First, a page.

Gold Prices – The Next 5 Years

By GE Christenson – Re-Blogged From Gold Eagle

Breaking News: COMEX paper gold contracts closed on Wednesday, August 7, at $1,513, up from $1,274 on May 22. Gold bottomed at $1,045 in December 2015. The S&P 500 Index closed at a new all-time high on July 26.

Gold closed at its highest price since 2013.

Read: Silver Prices – The Next 5 Years

What Happens Next?

  • We don’t know. Gold has disappointed for years, but central banks must “inflate or die.” Expect more QE, lower interest rates and excessive political and central bank manipulations.

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After Fed Disappoints, Will Trump Initiate Currency Intervention?

[Views may differ, but why would any sane person want to keep rates around 2% or lower, well below market clearing levels? -Bob]

Following months of cajoling by the White House, the Federal Reserve finally cut its benchmark interest rate. However, the reaction in equity and currency markets was not the one President Donald Trump wanted – or many traders anticipated.

The Trump administration wants the Fed to help drive the fiat U.S. dollar lower versus foreign currencies, especially those of major exporting countries.

Instead, the U.S. Dollar Index rallied throughout July ahead of the expected rate cut and continued rallying after Fed chairman Jerome Powell made it official on Wednesday.

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Broken Markets And Fragile Currencies

By Alasdair Macleod – Re-Blogged From Gold Eagle

There are growing signs that the global economic slowdown is for real. As was the case in 1929, the combination of the peak of the credit cycle coupled with trade protectionism in the Smoot-Hawley Tariff Act are similar conditions to those of today and potentially pose a serious economic challenge to the post-Bretton Woods fiat currency system. Therefore, we must consider the consequences if monetary policy fails to contain the developing recession and it turns into a full-blown slump. Complacency over broken markets is no longer an option, with rising prices for gold and bitcoin signalling the prospect of a new round of currency debasement to avoid market distortions unwinding. This article shows why this outcome could undermine fiat currencies entirely and looks at the alternatives of bitcoin and gold in this context.

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Dancing Closer to the Exits

By Rick Mills – Re-Blogged From Ahead of the Heard

When Americans elect or re-elect a president in the fall of 2020, there is a very good chance the closest thing to their hearts – their wallets – will be top of mind.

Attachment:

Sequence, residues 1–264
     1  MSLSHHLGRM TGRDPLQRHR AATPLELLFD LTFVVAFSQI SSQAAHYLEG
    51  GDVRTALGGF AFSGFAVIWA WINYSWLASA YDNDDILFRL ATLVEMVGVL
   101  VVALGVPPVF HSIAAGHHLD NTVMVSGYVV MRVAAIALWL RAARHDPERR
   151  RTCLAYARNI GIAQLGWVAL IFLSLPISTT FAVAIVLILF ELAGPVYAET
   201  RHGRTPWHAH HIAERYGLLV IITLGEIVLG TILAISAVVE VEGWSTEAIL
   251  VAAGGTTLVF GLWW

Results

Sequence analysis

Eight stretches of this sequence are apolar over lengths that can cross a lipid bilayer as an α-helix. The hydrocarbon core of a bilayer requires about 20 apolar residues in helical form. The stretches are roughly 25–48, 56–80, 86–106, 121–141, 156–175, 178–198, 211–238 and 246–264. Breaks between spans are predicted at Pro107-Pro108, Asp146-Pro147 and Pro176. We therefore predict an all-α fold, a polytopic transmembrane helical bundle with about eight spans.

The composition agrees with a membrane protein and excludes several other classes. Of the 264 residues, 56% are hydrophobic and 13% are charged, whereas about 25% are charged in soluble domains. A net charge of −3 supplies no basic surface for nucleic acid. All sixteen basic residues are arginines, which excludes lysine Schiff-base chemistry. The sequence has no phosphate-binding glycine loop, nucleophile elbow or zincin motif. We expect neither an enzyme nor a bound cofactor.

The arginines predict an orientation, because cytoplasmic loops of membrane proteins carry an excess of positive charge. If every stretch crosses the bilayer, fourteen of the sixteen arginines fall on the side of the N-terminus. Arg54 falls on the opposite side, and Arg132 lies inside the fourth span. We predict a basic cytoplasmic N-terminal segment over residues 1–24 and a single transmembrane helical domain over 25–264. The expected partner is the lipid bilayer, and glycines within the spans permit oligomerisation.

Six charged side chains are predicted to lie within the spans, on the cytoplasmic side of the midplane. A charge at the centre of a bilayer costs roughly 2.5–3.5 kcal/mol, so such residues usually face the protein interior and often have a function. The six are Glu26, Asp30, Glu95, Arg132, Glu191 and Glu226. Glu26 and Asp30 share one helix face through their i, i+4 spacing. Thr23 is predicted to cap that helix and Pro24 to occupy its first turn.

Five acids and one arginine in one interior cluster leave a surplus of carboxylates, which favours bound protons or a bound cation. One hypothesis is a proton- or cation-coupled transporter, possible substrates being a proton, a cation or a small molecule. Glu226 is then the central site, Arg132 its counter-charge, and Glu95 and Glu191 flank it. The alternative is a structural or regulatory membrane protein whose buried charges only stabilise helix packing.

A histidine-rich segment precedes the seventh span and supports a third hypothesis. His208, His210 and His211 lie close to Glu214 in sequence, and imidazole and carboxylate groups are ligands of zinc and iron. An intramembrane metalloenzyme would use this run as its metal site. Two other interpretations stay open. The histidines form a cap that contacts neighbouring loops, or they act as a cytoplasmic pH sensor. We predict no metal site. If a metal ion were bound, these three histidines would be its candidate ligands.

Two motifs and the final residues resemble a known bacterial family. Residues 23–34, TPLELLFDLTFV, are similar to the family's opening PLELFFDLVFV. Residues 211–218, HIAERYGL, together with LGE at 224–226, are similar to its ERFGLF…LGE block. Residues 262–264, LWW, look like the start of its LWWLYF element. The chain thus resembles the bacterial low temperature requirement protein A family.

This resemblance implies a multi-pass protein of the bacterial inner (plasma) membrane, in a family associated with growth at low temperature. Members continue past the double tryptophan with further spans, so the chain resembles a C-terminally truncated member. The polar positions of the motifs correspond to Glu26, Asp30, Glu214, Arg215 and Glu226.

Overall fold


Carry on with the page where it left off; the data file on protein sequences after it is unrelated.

That’s because many are predicting the longest-running economic expansion in US history is about to slam on the brakes. It’s been over a decade since The Great Recession of 2007-09 plunged the world into monetary despair. That downturn was particularly bad because it combined an economic slowdown with problems in the financial system, rudely exposed by the sub-prime mortgage crisis.

 

In this article we are asking, what is the best indicator for predicting the next recession? What does the current data say about a recession?

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A River of Denial Floods Markets Everywhere

Dangerous Stock Markets

By Adam Hamilton – Re-Blogged From Gold Eagle

These record US stock-market levels are very dangerous, riddled with extreme levels of euphoria and complacency.  Largely thanks to the Fed, traders are convinced stocks can rally indefinitely.  But stock prices are very expensive relative to underlying corporate earnings, with valuations back up near bubble levels.  These are classic topping signs, with profits growth stalling and the Fed out of easy dovish ammunition.

Stock markets are forever cyclical, meandering in an endless series of bulls and bears.  The latter phase of these cycles is inevitable, like winter following summer.  Traders grow too excited in bull markets, and bid up stock prices far higher than their fundamentals support.  Subsequent bear markets are necessary to eradicate unsustainable valuation excesses, forcing stock prices sideways to lower until profits catch up.

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Stacking The Next QE On Top Of A $4 Trillion Fed Floor

By Daniel Amerman – Re-Blogged From Gold Eagle

The Federal Reserve is currently communicating to the markets that it will likely pivot, and pause two strategies. The first pivot is to stop increasing interest rates. The second pivot is to stop unwinding the Fed balance sheet.

While the interest rate pause is getting the most attention – the balance sheet pause could be the most important one for investors over the coming years.

As explored herein, the impact of pausing the unwinding the balance sheet is to create a new floor at about $4 trillion in Federal Reserve assets. And if the business cycle has not been repealed and there is another recession – the Fed fully intends to go back to quantitative easing, potentially creating more trillions of dollars to be used for market interventions, and to stack another round of balance sheet expansion right on top of the previous round.

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